Marines Take Stand Against Domestic Violence

Story by Joycelyn Biggs, Marine Corps Logistics Base Albany

Photo: Motorcycles participating in the Domestic Violence Awareness Proclamation Ceremony and Motorcycle Ride are parked outside the Town and Country Restaurant on Marine Corps Base Albany, N.Y., Oct. 9, 2013. (U.S. Marine Corps photo by Joycelyn Biggs/Released)

Motorcycles participating in the Domestic Violence Awareness Proclamation Ceremony and Motorcycle Ride are parked outside the Town and Country Restaurant on Marine Corps Base Albany, Ga., Oct. 9, 2013. (U.S. Marine Corps photo by Joycelyn Biggs/Released)

Motorists slowed to a snail’s pace, pedestrians in the area stopped to witness the scene.

One by one, a plethora of motorcycles slowly rumbled down the road.

The drivers carefully guided their motorcycles into parking spaces and converged on the grass in front of the Town and Country Restaurant.

The demonstration was to show their support for Domestic Violence Awareness Proclamation and Motorcycle Ride at Marine Corps Logistics Base Albany Oct. 9.

“Domestic violence is a menace to our society,” Brenda G. Ray, health and prevention coordinator, Marine and Family Programs, MCLB Albany, said. “It does not discriminate. It affects all ages, races, classes and genders.

“Our mission to eliminate domestic violence is not a mission impossible,” she said. “It is a mission possible.”

To achieve the mission, Col. Don Davis, commanding officer, MCLB Albany, signed a proclamation acknowledging October as National Domestic Awareness Month.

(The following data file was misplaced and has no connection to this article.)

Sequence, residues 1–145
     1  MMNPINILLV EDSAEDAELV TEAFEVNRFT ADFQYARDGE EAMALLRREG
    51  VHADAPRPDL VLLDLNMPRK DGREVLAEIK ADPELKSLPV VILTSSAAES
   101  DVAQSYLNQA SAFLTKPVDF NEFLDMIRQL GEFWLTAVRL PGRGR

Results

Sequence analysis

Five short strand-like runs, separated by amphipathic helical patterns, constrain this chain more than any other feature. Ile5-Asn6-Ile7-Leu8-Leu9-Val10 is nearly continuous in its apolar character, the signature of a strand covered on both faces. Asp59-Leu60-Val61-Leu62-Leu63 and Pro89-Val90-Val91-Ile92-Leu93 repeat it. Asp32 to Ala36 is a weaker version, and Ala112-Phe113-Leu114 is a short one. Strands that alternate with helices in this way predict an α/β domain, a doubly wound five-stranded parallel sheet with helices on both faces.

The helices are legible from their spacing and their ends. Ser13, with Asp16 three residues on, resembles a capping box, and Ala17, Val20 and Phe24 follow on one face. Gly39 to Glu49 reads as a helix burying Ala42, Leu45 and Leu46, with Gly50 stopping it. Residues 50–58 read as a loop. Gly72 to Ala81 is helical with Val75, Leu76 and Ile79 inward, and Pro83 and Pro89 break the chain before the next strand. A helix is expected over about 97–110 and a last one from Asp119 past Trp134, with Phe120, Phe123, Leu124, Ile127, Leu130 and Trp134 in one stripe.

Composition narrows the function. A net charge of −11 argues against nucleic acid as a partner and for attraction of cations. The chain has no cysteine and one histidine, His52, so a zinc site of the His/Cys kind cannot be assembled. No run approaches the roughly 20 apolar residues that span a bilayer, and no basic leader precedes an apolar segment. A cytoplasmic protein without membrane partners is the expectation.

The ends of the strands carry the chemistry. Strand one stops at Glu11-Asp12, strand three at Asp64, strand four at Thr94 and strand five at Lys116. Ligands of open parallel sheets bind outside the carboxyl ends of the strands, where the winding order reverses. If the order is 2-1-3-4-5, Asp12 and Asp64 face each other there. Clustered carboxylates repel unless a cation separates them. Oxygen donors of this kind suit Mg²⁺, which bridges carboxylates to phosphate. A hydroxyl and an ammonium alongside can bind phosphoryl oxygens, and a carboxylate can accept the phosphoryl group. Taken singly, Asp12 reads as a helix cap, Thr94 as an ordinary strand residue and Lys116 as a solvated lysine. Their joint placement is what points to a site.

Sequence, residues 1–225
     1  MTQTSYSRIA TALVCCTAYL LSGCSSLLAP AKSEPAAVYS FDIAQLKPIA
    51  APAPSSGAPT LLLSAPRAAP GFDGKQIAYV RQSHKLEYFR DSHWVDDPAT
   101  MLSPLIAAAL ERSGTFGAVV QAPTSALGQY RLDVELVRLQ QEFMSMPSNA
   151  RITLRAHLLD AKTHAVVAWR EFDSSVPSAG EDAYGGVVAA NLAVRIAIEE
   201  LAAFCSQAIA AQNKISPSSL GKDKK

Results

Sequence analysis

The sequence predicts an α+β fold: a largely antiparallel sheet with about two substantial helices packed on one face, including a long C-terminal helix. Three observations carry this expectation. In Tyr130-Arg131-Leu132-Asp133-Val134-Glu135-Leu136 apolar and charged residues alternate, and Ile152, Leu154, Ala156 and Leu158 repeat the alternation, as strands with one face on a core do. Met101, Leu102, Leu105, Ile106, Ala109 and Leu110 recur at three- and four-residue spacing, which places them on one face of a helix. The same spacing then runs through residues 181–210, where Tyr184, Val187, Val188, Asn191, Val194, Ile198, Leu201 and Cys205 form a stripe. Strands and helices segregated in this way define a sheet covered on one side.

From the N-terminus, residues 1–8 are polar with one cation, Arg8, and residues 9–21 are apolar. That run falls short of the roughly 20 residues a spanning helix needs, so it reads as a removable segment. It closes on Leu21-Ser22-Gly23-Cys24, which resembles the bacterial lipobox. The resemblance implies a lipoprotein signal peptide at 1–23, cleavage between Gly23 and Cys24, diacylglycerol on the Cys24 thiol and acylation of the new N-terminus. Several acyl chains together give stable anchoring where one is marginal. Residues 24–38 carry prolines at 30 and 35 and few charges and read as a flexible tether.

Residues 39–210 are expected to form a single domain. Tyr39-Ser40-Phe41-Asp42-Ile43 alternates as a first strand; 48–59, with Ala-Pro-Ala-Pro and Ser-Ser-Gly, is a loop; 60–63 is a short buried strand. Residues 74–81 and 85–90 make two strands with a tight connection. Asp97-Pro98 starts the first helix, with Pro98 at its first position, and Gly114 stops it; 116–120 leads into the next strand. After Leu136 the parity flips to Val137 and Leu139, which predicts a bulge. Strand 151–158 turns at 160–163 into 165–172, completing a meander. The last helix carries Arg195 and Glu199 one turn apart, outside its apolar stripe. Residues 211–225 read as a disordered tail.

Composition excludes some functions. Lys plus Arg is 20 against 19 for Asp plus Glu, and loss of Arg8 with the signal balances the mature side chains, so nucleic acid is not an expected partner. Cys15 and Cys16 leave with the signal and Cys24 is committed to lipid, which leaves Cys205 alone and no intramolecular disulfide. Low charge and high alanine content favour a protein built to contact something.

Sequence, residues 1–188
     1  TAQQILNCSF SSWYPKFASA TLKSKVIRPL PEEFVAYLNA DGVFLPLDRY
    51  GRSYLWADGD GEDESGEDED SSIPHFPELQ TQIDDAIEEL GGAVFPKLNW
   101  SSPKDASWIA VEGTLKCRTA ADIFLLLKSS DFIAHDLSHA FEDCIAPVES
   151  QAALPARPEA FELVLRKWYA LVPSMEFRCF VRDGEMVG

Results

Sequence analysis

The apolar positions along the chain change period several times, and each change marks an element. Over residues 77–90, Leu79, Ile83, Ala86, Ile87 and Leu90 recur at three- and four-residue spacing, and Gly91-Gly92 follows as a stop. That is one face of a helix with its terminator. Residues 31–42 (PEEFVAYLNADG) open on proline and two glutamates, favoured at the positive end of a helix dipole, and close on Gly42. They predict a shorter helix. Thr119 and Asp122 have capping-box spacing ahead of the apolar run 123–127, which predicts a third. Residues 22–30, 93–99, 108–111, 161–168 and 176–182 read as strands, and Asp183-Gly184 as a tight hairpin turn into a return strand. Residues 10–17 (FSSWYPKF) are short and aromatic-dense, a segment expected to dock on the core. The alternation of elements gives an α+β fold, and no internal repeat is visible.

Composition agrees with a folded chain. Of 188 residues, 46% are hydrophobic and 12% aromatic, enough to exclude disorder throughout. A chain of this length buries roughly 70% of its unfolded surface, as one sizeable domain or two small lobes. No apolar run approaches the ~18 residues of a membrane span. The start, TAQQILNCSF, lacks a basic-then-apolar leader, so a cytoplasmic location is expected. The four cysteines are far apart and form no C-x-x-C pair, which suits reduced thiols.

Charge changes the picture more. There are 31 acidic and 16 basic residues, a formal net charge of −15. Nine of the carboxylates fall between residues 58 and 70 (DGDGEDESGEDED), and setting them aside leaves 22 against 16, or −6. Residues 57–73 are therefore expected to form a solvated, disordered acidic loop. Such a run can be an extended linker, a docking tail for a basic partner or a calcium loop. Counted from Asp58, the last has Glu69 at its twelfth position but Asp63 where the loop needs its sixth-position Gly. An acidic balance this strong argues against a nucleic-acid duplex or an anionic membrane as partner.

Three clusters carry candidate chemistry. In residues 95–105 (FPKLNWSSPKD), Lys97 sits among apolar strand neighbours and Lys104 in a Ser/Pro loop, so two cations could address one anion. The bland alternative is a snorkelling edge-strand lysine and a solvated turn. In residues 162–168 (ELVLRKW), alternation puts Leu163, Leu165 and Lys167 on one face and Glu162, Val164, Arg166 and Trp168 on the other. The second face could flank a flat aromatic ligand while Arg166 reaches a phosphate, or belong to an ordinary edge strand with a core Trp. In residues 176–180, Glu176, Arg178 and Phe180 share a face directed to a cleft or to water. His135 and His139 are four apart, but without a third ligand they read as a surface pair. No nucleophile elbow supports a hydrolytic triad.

“We lead the way in everything we do as Marines,” Davis said. “This is one of those things where we want to be at the tip of the spear. I can’t think of anything we can do that’s more patriotic than for us to support the family unit by fighting domestic violence.”

Silke Deeley, executive director, Liberty House, Albany, Ga., said domestic violence is an international epidemic. To validate her claim, she shared the following statistics.

“Every nine seconds a woman is abused,” she said. “One in three will experience violence in their relationships.  Battering of women by a family member results in more injuries that require medical attention than rape, automobile crashes and mugging combined, and 3.3 million kids are exposed to domestic violence each year.”

In an effort to drive the point home, Deeley gave statistics for the local community and the state of Georgia.

Liberty House provided housing to 170 women and children victims of domestic violence since January.

Additionally, the organization provided services for 705 non-residential persons with 21 being men.

According to Deeley, the Albany Police Department reported 1,022 substantiated cases of domestic violence and 164 calls just last month.

Since September 2012, 63 people died as a result of domestic violence in Georgia.

With such appalling numbers, Deeley explained having proper understanding is essential in deterring this crime.

Lack of understanding prevents many victims from seeking any type of intervention or to identify the early warning signals of domestic abuse.

Deeley said this can be attributed to the only domestic violence incidents being reported in the media are severe or extreme cases; therefore, many victims do not identify themselves as victims because their circumstance is not extreme.

“We need to change that,” she said.

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Marines Take Stand Against Domestic Violence